ARH312Y1 Lecture Notes - Fume Hood, Punnett Square, Statistical Hypothesis Testing
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ARH312 Week 1- September 13th
Drennan – Statistics for Archaeologists (can be found at Robarts and online)
Fletcher and Lock- Digging Numbers: Elementary Stats for Archaeologists (found at Robarts)
Free Statistical program called PAST http://folk.uio.no/ohammer/past
The t-test assesses whether the means of two groups are statistically different from each other.
This analysis is appropriate whenever you want to compare the means of two groups, and
especially appropriate as the analysis for the posttest-only two-group randomized experimental
The formula for the t-test is a ratio. The top part of the ratio is just the difference between the
two means or averages. The bottom part is a measure of the variability or dispersion of the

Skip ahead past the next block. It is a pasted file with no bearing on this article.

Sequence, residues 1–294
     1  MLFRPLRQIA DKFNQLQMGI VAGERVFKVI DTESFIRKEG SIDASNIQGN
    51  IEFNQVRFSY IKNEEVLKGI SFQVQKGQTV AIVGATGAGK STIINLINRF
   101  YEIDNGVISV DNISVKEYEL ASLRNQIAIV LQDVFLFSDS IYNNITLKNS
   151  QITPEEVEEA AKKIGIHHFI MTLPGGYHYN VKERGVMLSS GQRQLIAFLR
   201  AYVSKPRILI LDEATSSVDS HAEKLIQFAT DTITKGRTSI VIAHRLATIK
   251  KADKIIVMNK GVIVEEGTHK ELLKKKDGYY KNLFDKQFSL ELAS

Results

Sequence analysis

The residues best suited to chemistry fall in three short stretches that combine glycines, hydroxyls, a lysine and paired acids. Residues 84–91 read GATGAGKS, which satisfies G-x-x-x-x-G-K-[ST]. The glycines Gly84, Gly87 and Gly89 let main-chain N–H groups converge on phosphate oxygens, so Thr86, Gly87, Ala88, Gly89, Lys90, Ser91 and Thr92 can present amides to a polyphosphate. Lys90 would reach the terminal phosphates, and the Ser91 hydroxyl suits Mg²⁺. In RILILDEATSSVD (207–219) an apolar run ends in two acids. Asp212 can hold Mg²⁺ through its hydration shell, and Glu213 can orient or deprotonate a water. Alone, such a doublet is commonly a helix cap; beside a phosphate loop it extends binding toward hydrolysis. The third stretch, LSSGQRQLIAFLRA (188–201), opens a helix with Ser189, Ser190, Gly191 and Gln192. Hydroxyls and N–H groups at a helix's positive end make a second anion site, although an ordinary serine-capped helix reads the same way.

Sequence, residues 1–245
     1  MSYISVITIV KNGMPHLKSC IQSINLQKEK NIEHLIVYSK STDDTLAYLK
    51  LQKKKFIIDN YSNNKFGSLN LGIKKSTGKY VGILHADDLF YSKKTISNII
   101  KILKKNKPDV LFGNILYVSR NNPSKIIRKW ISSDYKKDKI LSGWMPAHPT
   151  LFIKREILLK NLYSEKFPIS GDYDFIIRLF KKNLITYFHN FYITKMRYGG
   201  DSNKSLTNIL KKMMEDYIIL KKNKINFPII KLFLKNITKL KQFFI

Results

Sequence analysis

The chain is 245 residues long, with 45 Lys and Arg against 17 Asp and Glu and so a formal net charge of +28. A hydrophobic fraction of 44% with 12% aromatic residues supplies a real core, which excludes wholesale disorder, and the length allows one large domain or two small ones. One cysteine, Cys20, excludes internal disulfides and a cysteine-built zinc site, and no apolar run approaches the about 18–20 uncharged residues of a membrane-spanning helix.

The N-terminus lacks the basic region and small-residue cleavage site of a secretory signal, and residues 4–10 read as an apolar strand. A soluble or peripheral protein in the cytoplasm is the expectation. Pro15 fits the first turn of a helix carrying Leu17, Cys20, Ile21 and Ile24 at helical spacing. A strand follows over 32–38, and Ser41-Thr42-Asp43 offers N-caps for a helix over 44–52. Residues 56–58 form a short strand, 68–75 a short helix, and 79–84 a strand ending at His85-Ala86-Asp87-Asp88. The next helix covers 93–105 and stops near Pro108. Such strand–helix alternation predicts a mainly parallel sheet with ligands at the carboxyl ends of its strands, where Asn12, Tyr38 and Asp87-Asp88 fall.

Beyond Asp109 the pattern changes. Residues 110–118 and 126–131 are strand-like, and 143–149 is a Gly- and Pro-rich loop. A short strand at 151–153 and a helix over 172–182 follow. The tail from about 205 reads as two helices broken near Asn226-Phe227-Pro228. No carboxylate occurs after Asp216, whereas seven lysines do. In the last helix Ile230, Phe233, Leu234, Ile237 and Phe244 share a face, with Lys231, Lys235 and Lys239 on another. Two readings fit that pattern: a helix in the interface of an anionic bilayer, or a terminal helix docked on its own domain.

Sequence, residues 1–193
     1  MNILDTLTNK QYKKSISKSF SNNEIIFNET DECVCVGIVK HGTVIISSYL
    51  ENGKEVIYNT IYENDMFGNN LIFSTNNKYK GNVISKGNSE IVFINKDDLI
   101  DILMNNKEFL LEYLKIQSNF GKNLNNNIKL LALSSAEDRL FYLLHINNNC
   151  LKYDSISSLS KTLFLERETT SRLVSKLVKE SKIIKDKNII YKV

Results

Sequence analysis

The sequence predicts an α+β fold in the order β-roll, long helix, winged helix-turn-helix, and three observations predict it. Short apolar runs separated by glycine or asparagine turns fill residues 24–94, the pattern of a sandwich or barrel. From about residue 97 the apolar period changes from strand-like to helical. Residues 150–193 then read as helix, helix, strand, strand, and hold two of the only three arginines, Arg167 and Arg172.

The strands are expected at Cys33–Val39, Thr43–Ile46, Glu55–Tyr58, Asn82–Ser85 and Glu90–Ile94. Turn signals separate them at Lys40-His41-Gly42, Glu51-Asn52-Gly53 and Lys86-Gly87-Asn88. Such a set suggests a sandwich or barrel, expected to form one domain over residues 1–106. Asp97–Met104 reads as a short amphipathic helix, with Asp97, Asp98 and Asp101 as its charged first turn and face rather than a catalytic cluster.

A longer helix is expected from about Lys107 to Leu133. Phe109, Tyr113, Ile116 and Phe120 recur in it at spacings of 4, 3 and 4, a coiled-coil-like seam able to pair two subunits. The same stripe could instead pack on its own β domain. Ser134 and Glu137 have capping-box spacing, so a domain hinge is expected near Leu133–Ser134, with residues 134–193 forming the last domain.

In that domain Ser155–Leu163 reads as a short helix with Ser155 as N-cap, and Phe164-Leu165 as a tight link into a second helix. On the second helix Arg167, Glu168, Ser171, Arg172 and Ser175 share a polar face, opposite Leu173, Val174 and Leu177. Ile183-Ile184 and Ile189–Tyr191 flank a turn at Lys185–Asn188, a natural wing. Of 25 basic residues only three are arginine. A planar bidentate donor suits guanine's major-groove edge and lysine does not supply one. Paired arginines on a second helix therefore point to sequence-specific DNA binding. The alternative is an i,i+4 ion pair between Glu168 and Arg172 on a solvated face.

Chi-square is a statistical test commonly used to compare observed data with data we would
expect to obtain according to a specific hypothesis.
The formula for calculating chi-square ( 2) is:
That is, chi-square is the sum of the squared difference between observed (o) and the expected
(e) data (or the deviation, d), divided by the expected data in all possible categories.
For example, suppose that a cross between two pea plants yields a population of 880 plants, 639
with green seeds and 241 with yellow seeds. You are asked to propose the genotypes of the
parents. Your hypothesis is that the allele for green is dominant to the allele for yellow and that
the parent plants were both heterozygous for this trait. If your hypothesis is true, then the
predicted ratio of offspring from this cross would be 3:1 (based on Mendel's laws) as predicted
from the results of the Punnett square (Figure B. 1).
How to write labs:
1. Intro to the problem
2. State the hypothesis